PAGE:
The only problem with that, is that my program is using carriage returns to mark the beginning of a command, as opposed to the end of one

EDIT: Although this is probably the wrong way of going about things...
7  Using Arduino / Programming Questions / Serial communication test file producing bizarre results on: March 14, 2012, 02:40:59 am
What's up guys. Basically, I have a stepper motor run by an arduino, which takes commands from another program via serial.

The commands are separated by a cariage return line feed. Of course, I have no idea how to emulate these characters in the arduino serial monitor, so I wound up creating a test file and passing it to the arduino via br@y's terminal.

my test file looks like this:

Code:
1MO

So basically, enter (Carriage Return), followed by 1(the number of the device), then M0 (the actual command).

So, my first problem is, how in god's name am I supposed to pass ASCII 10 (new line) to the arduino? Trying use ALT+010 or cntrl+J work fine in br@y's terminal, but in notepad it just nets me another carriage return. If I could figure out a way to pass entire strings via br@y's term, I guess that'd suffice, but that doesn't seem possible.

My second problem, and what's pissing me off the most, is what is with these bizarre characters that follow the carriage return??? Using the test file, instead of producing the expected ASCII 13 (\r) followed by ASCII 49 (1), etc etc, the arduino winds up reading ASCII 13, followed by ASCII -1. What's even weirder is that, if I change the program to expect ASCII 13 followed by ASCII -1 (as opposed to ASCII 13 ASCII 10), the next digit to follow ISN'T ASCII 49, but instead some random ass character. Sometimes it's another -1, other times it's this thing (ΓΏ), sometimes it's a space (not ASCII 32, but literally a blank character) and sometimes it'll be ASCII 10!!!

I figure there's some fundamental nuance to using a carriage return, or maybe even serial communication that i'm unaware of, as the random characters after the carriage return leads me to believe i'm not buffering them correctly, but atm i'm totally stumped.

Help is greatly appreciated!

Here's what my code currently looks like:

Code:
#include <Stepper.h>

const int rev = 200; // #of steps in one revolution of the motor
const char deviceNum = '1'; //this is the number of the arduino in mark's prog
const int homeSwitch = 8; //pin # for home position limit switch

//commands
const char stopCmd = 'ST';
const char posAbsCmd = 'PA';
const char homeCmd = 'MO';
const char currentPosCmd = 'CP';

Stepper stepper(rev, 13,12,11,10);

//storage variables
char inByte; //buffer for incoming bytes

char command;
char commandTest;

int currentPos; //motor's current position in number of pulses from 0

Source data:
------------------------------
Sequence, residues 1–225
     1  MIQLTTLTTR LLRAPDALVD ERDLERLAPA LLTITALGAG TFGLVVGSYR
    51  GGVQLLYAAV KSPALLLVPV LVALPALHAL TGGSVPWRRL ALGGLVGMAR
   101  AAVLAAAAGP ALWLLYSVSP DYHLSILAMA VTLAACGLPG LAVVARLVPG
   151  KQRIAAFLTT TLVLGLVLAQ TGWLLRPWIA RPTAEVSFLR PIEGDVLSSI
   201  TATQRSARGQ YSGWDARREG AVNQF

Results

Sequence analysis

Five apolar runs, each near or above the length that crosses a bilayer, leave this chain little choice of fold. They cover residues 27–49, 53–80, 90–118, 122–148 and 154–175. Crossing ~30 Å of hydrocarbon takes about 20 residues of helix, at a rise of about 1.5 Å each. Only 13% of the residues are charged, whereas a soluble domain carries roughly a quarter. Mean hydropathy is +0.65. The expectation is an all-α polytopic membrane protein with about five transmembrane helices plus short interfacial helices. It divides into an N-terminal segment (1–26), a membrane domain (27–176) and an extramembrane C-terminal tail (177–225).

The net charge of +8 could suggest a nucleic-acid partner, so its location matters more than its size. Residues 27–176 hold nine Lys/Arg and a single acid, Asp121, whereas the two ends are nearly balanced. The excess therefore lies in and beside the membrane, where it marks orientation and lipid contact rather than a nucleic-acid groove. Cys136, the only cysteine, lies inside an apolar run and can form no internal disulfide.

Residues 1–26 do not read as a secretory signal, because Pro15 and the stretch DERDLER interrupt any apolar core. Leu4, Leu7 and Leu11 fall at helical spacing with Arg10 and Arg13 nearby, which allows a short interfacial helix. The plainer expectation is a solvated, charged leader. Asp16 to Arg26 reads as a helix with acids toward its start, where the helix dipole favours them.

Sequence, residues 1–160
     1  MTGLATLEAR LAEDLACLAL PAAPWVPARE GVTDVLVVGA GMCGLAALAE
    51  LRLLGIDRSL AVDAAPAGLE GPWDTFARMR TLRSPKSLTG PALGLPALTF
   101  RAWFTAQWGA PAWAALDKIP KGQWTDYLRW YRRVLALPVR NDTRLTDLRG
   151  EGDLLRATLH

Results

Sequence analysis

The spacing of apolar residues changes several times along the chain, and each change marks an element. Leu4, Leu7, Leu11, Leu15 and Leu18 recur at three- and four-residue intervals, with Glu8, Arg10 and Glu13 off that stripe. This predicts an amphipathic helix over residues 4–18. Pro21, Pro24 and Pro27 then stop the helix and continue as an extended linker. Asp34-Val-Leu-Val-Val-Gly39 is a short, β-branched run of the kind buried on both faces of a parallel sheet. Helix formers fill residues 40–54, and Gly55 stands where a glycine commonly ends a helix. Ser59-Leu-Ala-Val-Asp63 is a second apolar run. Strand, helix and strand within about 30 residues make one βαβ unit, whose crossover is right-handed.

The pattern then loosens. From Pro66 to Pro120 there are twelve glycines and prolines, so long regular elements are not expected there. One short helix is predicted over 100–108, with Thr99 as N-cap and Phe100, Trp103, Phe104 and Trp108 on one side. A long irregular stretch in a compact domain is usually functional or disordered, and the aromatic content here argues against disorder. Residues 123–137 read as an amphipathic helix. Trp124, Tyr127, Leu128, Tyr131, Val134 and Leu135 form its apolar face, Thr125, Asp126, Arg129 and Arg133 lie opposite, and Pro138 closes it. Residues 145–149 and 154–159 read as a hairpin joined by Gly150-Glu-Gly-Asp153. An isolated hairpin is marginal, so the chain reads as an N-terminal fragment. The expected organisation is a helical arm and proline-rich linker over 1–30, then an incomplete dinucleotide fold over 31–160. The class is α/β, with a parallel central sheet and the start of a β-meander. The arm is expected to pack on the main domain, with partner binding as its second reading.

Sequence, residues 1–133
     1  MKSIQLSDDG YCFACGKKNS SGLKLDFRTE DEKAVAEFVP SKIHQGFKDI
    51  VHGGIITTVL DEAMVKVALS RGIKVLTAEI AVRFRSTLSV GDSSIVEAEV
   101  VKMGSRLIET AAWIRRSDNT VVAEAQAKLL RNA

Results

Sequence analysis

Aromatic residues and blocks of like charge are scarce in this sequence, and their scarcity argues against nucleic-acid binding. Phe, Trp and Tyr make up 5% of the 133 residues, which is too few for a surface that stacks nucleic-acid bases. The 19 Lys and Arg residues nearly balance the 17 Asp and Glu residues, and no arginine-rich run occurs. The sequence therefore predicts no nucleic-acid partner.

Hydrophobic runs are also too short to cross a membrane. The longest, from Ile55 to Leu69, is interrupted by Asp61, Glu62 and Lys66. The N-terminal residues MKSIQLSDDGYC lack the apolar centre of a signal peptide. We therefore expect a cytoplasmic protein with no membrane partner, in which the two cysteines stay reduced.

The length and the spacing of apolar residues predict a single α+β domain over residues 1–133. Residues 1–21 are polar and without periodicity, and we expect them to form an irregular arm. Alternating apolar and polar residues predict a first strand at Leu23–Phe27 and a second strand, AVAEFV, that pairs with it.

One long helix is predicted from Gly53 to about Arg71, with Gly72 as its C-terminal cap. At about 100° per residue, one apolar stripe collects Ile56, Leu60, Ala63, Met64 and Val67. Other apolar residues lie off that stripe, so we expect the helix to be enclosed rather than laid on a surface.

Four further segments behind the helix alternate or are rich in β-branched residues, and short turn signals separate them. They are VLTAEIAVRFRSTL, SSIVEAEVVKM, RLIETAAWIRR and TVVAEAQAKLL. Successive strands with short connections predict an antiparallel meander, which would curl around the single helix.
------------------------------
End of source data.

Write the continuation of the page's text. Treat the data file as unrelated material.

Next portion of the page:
int toPos; //desired position in num of pulses from 0
float floatByte;



void setup(){
  Serial.begin(57600);
  pinMode(homeSwitch, OUTPUT);
  stepper.setSpeed(60); //speed of the motor in RPM
//  currentPos = returnHome(); //calibrate to home position
}

void loop(){
  
  if(Serial.available() > 0){
    inByte = Serial.read();
    
    Serial.print("byte 1 = ");
    Serial.println(inByte, DEC);    
    
    if(inByte == 13){
      inByte = Serial.read();
    
      Serial.print("byte 2 = ");
      Serial.println(inByte, DEC);
      if(inByte == -1){
        inByte = Serial.read();
        
        Serial.print("byte 3 = ");
        Serial.println(inByte);
        if(inByte == deviceNum){ //if they're talking to us...
          //what are they saying
          inByte = Serial.read();
          
          Serial.print("byte 4 = ");
          Serial.println(inByte, DEC);  
          
          command += inByte;
          
          inByte = Serial.read();
          Serial.print("byte 5 = ");
          Serial.println(inByte, DEC);  
          
          command += inByte;
          Serial.print("command byte = ");
          Serial.println(command);
          
          if(command == posAbsCmd){ //Position Absolute
            commandTest = '0';
            for(int i = 0; inByte > 0; i++){ //change >0 to \r\n
              inByte = Serial.read() - '0';
              commandTest += inByte;
            }
            
            Serial.print("num = ");
            Serial.println(commandTest);

          } else if(command == stopCmd){ //stop command
            //stop
            digitalWrite(13, LOW);
            digitalWrite(12, LOW);
            digitalWrite(11, LOW);
            digitalWrite(10, LOW);
          } else if(command == homeCmd){ //home command
            //return to position 0
            currentPos = returnHome();
            Serial.print("current position = ");
            Serial.println(currentPos, DEC);
          } else if(command == currentPosCmd){ //current position query
            Serial.println(currentPos, DEC);
          }
        }
      }
    }
  }
  
  //reset everything
  
  digitalWrite(13, LOW);
  digitalWrite(12, LOW);
  digitalWrite(11, LOW);
  digitalWrite(10, LOW);
}

//positioning function
static int posAbsolute(int toPos, int curPos){
  int steps = toPos - curPos; //distance from curPos to toPos
  int stepsTaken; //pretty straight forward
  
  if(steps > 0){
    for(stepsTaken = 0; stepsTaken < steps && digitalRead(homeSwitch) == LOW; stepsTaken++){
      stepper.step(1);
      Serial.println(stepsTaken, DEC);
    }
  } else if(steps < 0){
    for(stepsTaken = 0; stepsTaken > steps && digitalRead(homeSwitch) == LOW; stepsTaken--){
      stepper.step(-1);
      Serial.println(stepsTaken, DEC);
    }
  }
  return curPos + stepsTaken;